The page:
The redbud trees (Cercis canadensis var. texensis) are in bloom this week around Pecan Springs, and everybody is out there, snapping photos of those pretty lavender-pink flowers. Green leaves will replace the flowers in another week or two, and by the end of summer the tree will be hung with purple-brown fruits, pods four inches long, flat and leathery. These trees are a sight for sore eyes at a time of year when most other trees are still thinking about putting out their first leaves. But loveliness only one of the many virtues of this little North American native.
The Medicinal Redbud
Dried and powdered, the inner bark was an important medicine. Indian healers used it to staunch bleeding, ease skin irritations and poison ivy rash, and treat sores and tumors. Bark tea was drunk to treat diarrhea and dysentery and used (like quinine) to reduce malarial fevers and ease joint and muscle pain and headaches. The flowers were also steeped as a tea and drunk to prevent scurvy, treat kidney and bladder infections, and ease urinary ailments.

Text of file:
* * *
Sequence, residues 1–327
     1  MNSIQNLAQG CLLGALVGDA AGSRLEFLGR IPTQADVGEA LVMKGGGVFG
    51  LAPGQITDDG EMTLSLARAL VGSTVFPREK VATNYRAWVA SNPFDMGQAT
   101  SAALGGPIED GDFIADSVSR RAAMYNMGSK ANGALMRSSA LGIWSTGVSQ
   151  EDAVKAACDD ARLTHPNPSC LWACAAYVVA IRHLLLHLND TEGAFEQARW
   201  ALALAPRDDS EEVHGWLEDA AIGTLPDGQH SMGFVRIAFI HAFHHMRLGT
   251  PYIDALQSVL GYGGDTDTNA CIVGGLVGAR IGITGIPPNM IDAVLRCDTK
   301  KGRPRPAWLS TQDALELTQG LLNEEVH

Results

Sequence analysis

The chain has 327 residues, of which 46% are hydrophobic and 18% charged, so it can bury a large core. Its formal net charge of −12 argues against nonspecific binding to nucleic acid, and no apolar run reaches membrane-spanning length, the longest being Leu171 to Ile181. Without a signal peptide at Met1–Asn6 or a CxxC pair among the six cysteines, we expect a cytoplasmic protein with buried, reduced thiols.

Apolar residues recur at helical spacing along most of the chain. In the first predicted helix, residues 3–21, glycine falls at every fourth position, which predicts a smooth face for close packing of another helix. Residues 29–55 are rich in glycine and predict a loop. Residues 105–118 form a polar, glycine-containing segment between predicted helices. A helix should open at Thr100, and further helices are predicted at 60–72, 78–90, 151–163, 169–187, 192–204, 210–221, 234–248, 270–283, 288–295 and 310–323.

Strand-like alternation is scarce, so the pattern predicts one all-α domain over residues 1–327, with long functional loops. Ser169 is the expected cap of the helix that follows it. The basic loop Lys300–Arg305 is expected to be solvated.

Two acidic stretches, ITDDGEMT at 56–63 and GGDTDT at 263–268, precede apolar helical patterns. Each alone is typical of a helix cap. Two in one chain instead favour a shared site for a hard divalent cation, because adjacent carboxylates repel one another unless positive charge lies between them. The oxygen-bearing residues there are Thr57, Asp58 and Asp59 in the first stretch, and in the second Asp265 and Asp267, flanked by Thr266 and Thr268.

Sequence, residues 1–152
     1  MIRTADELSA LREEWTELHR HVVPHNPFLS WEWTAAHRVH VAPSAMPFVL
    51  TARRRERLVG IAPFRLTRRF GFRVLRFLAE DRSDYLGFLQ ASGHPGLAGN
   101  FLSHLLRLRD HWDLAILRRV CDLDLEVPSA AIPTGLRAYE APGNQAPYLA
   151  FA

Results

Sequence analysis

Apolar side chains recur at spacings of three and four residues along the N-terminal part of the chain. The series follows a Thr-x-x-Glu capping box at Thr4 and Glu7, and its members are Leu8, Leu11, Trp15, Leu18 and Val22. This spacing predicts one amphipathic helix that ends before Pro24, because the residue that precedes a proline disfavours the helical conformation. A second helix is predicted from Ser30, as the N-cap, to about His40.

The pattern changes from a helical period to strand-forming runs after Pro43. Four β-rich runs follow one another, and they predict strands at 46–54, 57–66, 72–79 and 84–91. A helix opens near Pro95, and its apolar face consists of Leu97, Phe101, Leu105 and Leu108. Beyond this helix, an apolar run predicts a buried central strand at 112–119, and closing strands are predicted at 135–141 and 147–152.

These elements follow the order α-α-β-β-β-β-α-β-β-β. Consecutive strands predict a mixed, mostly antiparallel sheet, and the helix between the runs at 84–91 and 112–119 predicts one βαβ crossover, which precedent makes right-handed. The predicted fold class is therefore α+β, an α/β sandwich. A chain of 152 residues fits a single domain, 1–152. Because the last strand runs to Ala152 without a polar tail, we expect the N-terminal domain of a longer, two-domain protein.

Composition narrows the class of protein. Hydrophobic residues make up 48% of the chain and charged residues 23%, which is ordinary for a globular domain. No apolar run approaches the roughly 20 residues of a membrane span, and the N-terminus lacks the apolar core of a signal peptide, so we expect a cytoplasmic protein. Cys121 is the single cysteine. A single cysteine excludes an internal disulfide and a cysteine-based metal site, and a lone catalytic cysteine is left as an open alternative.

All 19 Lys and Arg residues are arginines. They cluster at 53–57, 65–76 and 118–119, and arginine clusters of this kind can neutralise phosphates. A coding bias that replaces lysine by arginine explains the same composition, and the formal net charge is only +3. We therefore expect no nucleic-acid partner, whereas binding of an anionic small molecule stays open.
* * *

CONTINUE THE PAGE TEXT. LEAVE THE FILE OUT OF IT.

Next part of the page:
The Edible Redbud
The buds can be pickled: Cover with a pickling brine of 1 quart cider vinegar, 1 teaspoon salt, 6 cloves, 1 2” cinnamon stick, and 1/2 teaspoon each allspice and celery seed; ready in about 2 weeks. Toss the flowers in salads to add tartness and color. Or saute the buds, flowers, and tender young pods for 10 minutes in butter and serve them as a vegetable. Native Americans roasted the ripe pods in ashes before eating the seeds.
The Pliable Redbud
The supple young sprouts, peeled and stripped, can be used in the construction of baskets. Some Indian tribes used the white inner bark or the red outer bark as decorative elements in very sophisticated work. The bark was also used as cordage and coarse twine, and the roots were used in sewing animal skins.
However you look at it, the redbud is worth a place of honor in the yard.
Read more about redbud: Gather Ye Wild Things: A Forager's Year, by Susan Tyler Hitchcock